Memoirs: Celebrities Cash In on Their Life Stories

Within a week after it's release, Britney Spears‘ long-awaited memoir The Woman in Me had sold more than 1-million copies and was headed for a fourth printing. The autobiography details her fight for freedom and tumultuous relationships with the men in her life. 

While sales have not been as explosive, the revelations from Worthy by Jada Pinkett Smith catapulted her to the top of the news cycle as the actress toured the talk show circuit.

Celebrity Memoirs

Memoirs from famous faces have been around for years. However, the last decade has seen an explosion of celebrities writing books. Everyone from Hollywood A-listers to obscure stars of popular shows or movies from 10-20 years ago are releasing their own tell-all books.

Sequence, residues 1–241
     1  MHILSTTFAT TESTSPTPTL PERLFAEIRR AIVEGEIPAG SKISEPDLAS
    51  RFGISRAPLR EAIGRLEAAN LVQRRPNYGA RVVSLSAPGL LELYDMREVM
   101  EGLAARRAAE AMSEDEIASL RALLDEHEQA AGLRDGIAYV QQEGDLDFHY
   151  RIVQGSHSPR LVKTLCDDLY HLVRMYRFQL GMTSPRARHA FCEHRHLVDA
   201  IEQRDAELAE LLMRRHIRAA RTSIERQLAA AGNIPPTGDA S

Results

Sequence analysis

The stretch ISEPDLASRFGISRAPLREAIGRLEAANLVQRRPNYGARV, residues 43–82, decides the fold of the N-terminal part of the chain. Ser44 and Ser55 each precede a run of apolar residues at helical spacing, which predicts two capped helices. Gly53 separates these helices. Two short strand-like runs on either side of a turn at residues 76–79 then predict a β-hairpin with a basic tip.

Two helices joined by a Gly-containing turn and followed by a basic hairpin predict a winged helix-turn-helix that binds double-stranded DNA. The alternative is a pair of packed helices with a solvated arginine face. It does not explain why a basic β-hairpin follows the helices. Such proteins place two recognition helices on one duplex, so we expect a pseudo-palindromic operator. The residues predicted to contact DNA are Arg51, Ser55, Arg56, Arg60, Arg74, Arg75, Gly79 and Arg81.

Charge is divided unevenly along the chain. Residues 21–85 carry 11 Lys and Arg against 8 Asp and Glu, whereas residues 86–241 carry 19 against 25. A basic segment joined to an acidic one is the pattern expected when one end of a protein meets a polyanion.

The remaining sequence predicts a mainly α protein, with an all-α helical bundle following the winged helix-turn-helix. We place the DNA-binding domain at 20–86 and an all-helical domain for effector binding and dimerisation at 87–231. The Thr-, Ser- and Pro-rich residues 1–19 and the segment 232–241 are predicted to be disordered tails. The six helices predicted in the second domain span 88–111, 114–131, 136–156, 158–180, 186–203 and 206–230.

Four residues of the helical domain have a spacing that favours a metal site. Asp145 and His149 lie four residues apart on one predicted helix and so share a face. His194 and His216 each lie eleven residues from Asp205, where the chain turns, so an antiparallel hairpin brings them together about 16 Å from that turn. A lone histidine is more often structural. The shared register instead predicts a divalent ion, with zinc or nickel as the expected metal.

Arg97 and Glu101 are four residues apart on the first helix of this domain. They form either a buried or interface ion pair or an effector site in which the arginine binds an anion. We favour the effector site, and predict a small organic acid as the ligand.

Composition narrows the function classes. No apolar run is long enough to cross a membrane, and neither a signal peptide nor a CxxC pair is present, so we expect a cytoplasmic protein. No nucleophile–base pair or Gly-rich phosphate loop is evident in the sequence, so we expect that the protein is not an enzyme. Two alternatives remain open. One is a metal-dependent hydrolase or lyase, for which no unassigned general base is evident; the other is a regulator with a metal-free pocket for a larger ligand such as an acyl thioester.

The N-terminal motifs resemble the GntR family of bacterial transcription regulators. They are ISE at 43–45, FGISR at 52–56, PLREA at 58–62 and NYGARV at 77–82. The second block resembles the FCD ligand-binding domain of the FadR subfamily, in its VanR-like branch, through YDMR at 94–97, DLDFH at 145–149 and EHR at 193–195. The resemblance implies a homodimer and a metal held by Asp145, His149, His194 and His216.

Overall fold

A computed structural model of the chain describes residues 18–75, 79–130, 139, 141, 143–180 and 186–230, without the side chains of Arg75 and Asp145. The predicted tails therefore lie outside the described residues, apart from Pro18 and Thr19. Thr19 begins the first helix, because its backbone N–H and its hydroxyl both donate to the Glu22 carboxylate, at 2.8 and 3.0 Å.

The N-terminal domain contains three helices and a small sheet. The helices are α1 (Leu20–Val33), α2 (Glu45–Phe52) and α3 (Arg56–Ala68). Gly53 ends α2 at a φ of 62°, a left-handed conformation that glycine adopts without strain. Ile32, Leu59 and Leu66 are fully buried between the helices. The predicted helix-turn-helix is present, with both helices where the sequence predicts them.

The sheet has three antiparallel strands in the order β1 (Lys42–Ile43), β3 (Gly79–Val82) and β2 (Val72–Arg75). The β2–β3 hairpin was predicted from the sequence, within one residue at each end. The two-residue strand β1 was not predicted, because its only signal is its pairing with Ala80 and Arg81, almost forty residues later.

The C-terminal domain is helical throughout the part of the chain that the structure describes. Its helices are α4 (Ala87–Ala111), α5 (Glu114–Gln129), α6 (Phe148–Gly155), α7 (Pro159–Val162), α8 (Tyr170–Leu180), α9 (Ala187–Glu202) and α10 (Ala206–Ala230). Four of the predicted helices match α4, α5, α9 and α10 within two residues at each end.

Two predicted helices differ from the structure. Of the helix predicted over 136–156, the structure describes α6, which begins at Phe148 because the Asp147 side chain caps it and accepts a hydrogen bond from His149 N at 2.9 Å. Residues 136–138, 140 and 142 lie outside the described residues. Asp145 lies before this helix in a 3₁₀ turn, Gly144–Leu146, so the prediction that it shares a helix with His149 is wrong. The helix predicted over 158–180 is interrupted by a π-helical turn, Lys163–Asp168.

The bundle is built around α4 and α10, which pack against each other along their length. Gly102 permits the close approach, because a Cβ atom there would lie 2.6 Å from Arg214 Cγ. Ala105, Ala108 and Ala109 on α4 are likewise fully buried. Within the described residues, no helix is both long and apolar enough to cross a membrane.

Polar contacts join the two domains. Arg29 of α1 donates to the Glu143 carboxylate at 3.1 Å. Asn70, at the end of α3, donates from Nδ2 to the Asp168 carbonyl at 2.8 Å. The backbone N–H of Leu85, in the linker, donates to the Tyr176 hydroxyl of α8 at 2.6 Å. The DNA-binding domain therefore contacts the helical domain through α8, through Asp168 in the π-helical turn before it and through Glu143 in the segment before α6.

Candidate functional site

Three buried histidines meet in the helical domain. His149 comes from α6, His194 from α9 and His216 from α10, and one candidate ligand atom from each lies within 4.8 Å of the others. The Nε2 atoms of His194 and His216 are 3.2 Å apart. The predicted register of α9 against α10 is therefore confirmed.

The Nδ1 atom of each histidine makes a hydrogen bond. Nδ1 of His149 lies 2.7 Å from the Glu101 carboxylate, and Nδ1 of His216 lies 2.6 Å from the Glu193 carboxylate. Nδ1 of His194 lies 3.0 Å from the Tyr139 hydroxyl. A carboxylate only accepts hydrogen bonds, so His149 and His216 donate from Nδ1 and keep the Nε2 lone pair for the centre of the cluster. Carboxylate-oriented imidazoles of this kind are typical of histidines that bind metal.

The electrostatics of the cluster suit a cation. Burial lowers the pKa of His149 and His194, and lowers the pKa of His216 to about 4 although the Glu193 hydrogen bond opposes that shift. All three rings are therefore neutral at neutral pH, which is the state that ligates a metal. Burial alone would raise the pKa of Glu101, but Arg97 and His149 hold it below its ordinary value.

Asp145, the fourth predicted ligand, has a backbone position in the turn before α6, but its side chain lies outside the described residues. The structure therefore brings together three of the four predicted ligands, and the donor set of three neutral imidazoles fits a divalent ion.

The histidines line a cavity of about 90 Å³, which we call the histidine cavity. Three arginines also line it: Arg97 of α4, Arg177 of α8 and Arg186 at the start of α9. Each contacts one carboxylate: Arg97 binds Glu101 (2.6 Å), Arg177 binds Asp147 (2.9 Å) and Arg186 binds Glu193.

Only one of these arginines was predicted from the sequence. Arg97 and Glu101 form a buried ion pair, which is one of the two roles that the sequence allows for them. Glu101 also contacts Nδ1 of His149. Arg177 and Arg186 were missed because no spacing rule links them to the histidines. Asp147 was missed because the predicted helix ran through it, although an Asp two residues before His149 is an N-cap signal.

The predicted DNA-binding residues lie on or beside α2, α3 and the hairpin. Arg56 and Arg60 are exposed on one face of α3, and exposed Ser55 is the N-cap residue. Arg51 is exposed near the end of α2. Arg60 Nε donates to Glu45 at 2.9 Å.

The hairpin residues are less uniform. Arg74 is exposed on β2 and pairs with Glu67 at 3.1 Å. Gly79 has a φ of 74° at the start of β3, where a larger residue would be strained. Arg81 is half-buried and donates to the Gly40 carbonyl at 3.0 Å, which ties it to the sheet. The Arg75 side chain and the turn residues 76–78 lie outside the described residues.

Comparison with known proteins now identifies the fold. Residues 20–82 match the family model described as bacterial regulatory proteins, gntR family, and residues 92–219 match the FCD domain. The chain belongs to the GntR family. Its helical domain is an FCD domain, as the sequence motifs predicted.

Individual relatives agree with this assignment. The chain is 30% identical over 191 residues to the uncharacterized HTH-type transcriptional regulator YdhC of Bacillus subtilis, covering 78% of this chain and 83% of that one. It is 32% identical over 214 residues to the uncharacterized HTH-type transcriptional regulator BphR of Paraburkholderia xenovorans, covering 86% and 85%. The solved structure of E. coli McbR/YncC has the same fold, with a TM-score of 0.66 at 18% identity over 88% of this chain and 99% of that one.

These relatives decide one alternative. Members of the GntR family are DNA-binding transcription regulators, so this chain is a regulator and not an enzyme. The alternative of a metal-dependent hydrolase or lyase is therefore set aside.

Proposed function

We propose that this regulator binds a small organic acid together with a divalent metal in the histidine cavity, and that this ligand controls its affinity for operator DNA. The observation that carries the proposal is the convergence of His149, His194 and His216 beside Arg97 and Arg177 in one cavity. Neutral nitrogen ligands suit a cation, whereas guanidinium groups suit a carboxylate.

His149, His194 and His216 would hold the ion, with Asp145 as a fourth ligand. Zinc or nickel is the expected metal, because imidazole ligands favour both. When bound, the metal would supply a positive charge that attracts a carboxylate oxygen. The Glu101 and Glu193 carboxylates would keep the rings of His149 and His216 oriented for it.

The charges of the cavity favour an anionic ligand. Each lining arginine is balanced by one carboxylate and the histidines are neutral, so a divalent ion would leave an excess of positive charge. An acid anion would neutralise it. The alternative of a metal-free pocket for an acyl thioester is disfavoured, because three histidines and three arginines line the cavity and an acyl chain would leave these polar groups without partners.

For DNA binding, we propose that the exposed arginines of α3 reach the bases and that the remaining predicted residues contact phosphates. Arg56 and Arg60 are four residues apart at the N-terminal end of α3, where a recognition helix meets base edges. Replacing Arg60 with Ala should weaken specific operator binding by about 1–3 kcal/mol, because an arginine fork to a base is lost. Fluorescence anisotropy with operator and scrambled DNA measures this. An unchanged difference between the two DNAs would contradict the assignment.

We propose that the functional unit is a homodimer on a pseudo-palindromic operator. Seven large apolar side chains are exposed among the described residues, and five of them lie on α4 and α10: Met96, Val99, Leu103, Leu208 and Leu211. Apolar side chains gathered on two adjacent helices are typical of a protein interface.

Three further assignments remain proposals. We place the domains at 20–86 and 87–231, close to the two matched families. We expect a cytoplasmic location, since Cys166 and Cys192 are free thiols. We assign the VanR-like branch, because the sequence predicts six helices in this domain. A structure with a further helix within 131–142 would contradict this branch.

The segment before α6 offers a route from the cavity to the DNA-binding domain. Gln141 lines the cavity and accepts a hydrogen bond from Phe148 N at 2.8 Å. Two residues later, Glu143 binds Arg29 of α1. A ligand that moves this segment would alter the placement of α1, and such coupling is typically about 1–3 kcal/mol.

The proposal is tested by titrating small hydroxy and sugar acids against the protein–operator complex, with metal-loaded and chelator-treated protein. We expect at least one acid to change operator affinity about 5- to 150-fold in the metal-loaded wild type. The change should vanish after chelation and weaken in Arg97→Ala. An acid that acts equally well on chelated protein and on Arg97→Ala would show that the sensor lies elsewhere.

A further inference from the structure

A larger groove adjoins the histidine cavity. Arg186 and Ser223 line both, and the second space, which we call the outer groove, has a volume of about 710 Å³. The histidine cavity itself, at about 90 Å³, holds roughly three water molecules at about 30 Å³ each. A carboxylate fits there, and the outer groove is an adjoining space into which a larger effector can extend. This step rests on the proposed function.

What’s behind this heightened interest in publishing these autobiographies? Why are these people — who typically value their privacy — agreeing to air their dirty laundry to the world?

The answer is obvious: people get paid a lot of money to write tell-alls. To date, the five biggest deals for individual books in history have all been memoirs. Among those five, four were released within the last 10 years: Amy Schumer’s The Girl with the Lower Back Tattoo (2016, $9 million), Bruce Springsteen’s Born to Run (2016, $10 million), Hilary Clinton’s Hard Choices (2014, $14 million), and Spears’ autobiography (2023, $15 million).

In-demand public figures could command even more astronomical numbers. The Obamas’ scored a $65 million multi-book deal, which included Michelle’s Becoming and Barack’s Promised Land. Prince Harry’s deal for Spare was rumored to net him $20 million – a worthy gamble, given the millions of copies that shot off bookstore shelves.

Unlike other prose like novels or self-discovery/improvement books, memoirs don’t need to be Pulitzer-worthy or offer any specific knowledge to sell copies. They only require a well-curated recounting of said celebrity’s life stories, and they’re even better if they include never-before-known facts. These celebrities don’t even need to know how to write, since many hire freelance ghostwriters. 

Behind the Scenes